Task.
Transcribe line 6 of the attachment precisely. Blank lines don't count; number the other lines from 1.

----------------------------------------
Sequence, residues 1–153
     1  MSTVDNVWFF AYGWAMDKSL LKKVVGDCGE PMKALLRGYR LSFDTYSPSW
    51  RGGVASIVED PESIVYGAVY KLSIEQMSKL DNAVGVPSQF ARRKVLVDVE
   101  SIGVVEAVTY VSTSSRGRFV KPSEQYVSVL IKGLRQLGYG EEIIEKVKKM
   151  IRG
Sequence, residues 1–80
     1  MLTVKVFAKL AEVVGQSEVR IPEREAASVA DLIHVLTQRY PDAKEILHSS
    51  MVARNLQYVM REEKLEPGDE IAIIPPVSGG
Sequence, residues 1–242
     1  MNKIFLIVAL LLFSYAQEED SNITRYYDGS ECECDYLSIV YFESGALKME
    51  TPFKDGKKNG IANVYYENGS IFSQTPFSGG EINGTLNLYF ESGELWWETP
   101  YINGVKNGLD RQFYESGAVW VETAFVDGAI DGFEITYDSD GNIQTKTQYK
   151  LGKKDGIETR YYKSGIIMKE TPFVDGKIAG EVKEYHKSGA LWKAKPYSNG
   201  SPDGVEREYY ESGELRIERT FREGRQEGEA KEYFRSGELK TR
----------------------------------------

Sequence, residues 1–80